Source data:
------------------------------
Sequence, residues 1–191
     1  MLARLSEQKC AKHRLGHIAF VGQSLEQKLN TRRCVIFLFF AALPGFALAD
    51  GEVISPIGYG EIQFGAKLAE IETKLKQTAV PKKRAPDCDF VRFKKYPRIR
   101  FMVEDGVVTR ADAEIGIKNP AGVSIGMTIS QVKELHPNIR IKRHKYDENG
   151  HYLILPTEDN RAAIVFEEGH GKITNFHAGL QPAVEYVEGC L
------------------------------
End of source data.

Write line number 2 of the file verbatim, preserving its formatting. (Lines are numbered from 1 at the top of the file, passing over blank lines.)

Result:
     1  MLARLSEQKC AKHRLGHIAF VGQSLEQKLN TRRCVIFLFF AALPGFALAD